Dr. Nachiket Mor is one of the few people who followed his heart and has successfully moved from a corporate career to the social sector. He is currently on the Board of Care India and Sughavazhvu Healthcare and is former director of India’s largest private lender ICICI Bank Ltd. He was also one of the several people closely involved in the evolution of the Indian financial markets during 1987-2007.
We managed to speak to Mr Mor to know about what life is in the social sector and whether it holds promise in the long run.
When and why did you make the corporate to social sector switch?
Coming from the small town of Yavatmal in Maharashtra, it was natural that development issues attracted me even though my original plan was to become a physicist. So far all my career choices have been in fields in which my own particular competencies and development issues overlapped. This includes my decision to join ICICI in the days when it was a Development Finance Institution as well as my interests in the fields of financial inclusion and more recently health care. I do not believe that I have made any significant transitions since my graduation from IIM Ahmedabad in 1987. I feel that far too much is made of the distinction between the corporate sector and the social sector – people move all the time in many sectors to achieve their personal goals. You will be surprised to learn that my decision to join ICICI in 1987 was seen as a bold move into the social sector – the expectation at that time was for IIM Ahmedabad graduates to join large multi-national companies or the House of Tatas through the Tata Administrative Service.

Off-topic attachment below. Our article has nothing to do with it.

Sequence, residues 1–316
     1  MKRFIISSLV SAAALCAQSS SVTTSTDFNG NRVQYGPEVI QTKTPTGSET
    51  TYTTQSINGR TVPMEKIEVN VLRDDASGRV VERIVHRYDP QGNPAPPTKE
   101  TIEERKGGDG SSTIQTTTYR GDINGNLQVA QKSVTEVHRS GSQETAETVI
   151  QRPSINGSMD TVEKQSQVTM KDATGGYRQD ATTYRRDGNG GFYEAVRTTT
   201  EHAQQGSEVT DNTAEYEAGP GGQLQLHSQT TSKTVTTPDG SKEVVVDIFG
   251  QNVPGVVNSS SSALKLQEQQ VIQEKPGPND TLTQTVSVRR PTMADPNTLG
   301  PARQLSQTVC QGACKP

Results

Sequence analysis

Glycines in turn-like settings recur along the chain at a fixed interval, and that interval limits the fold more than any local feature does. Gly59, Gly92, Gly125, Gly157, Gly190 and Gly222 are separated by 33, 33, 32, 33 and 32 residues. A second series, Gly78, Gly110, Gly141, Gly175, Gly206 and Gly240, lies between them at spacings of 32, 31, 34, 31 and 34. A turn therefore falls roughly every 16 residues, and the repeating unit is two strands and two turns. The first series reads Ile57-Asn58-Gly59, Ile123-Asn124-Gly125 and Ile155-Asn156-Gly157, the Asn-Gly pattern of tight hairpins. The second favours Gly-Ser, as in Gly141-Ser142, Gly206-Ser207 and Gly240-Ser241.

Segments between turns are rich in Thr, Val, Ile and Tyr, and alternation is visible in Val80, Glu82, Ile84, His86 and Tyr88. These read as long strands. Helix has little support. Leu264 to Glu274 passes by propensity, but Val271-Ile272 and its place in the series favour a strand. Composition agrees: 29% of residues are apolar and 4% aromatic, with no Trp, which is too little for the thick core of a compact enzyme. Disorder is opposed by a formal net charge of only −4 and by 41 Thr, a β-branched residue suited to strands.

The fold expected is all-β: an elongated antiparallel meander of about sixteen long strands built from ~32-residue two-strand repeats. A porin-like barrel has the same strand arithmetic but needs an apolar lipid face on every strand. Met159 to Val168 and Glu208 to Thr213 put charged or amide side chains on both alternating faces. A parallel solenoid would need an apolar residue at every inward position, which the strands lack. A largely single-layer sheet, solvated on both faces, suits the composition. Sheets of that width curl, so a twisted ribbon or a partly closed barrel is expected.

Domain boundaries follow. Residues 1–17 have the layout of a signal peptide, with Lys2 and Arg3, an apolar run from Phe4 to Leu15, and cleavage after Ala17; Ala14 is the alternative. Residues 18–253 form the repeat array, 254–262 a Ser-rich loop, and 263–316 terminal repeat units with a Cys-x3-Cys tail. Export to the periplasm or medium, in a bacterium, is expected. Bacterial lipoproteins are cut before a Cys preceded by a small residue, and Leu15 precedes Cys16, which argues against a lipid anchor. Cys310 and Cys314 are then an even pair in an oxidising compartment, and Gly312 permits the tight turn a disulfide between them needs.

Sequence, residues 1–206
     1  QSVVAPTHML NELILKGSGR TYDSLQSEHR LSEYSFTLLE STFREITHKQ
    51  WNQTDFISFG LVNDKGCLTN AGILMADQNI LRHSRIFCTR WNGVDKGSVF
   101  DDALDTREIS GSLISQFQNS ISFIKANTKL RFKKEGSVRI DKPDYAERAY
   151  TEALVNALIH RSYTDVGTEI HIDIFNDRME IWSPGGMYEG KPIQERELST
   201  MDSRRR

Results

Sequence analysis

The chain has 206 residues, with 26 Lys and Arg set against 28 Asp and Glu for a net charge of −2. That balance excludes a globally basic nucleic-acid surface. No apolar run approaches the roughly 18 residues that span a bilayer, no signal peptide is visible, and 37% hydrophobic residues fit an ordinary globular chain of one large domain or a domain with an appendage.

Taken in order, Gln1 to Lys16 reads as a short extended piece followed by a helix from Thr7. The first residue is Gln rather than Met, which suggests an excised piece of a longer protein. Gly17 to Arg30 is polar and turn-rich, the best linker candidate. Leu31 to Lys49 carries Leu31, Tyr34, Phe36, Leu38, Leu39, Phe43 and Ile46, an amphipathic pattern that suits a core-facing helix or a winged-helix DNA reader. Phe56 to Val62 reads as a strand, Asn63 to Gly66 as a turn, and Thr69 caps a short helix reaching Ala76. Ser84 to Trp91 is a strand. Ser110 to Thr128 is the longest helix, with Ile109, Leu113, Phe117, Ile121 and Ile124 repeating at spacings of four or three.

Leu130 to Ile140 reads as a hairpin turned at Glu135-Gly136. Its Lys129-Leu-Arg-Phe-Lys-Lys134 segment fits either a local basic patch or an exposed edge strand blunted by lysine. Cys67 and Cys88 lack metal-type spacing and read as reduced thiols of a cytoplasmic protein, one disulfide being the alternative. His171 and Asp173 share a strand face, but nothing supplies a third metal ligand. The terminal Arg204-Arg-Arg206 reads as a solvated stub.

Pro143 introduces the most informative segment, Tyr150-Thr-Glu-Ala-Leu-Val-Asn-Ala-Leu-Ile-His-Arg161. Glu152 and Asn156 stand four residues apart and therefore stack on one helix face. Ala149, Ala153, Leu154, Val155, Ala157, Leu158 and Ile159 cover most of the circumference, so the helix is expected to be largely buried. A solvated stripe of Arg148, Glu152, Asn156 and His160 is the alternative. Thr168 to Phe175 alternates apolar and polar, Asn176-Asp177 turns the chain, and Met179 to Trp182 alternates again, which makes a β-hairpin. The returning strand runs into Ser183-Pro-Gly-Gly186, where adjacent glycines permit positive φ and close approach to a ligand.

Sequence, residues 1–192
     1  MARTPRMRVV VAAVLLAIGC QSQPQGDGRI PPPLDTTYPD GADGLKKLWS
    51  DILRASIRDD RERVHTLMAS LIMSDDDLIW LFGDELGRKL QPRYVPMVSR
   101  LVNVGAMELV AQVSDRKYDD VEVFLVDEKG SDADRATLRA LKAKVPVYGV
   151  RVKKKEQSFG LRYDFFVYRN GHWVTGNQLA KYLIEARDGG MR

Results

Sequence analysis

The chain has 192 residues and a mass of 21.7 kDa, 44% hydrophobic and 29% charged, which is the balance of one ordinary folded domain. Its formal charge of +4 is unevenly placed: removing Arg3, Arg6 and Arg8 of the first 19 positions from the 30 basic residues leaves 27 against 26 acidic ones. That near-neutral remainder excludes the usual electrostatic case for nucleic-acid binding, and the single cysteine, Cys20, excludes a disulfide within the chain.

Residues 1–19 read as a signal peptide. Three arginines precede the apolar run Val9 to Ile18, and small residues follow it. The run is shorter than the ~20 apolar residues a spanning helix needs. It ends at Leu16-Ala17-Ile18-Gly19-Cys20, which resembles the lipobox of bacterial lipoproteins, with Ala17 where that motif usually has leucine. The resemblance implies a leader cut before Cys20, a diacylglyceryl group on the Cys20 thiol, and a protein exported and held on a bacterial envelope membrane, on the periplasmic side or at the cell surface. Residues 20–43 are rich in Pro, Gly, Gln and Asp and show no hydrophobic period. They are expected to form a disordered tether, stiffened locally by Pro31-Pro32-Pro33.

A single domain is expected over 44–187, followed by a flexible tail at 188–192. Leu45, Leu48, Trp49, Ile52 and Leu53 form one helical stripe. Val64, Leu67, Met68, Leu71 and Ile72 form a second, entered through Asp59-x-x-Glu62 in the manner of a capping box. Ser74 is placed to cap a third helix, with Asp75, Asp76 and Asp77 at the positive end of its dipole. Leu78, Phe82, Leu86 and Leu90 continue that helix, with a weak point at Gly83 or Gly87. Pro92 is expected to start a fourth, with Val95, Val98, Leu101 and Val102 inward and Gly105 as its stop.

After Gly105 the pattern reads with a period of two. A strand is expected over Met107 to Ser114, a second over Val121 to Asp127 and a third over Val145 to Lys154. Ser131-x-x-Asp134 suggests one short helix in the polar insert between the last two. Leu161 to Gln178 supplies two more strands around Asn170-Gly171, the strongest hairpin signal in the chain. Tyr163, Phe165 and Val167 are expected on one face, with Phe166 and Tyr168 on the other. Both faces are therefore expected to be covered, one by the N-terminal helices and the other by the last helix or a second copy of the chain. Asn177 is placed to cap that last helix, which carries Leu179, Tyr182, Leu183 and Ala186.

Any childhood memories that have impacted you.
I still remember my first day in Bombay. I come from a small town. I saw a man lying outside a restaurant, on the pavement. Initially I walked past since I was in a hurry to get somewhere but then I walked back and into the restaurant and said to the owner that there was a man lying on the pavement outside. He comes out, looked and says to me “I don’t see anybody, you see somebody, I don’t see anybody”. Then he looks at me and tells me “you look like you are new here, don’t get involved, this guy, must be a drunk from somewhere, so move on.” This kind of apathy was very new and shocking to me.
Who is your inspiration?
I have had the benefit of having a number of mentors and guides. In my initial years stalwarts such as Vijay Mahajan, K . V. Kamath, N.Vaghul, and Kalpana Morparia guided and inspired me. More recently I find myself deeply inspired by young people who are making very difficult choices; developing deep expertise in their chosen fields; and making a very large difference in the lives people around them with no thought of mundane concerns such as steady career paths and iron-clad personal financial security.
How can the social sector attract more people?
The answer to this question depends largely on how one understands the social sector. In a country as poor as India I feel that any form of activity which is done with integrity whether in the corporate sector or the social sector has the potential for a very large impact. One only has to look at the transformative impact that the telecommunications sector has had in India to see the validity of this assertion. I do worry that in sectors such as the provision of financial services, and primary healthcare there is strong reluctance amongst the larger corporates to make large and ambitious moves but fortunately in several other sectors such as low-cost pharmaceuticals, and two wheelers there is a strong presence of the private sector. And, unlike the period during which I graduated, in areas such as education, healthcare, financial inclusion, clean energy, drinking water, agricultural supply chains, and governance and civil liberties, there is a veritable ferment of activity which should and is attracting young people in large numbers.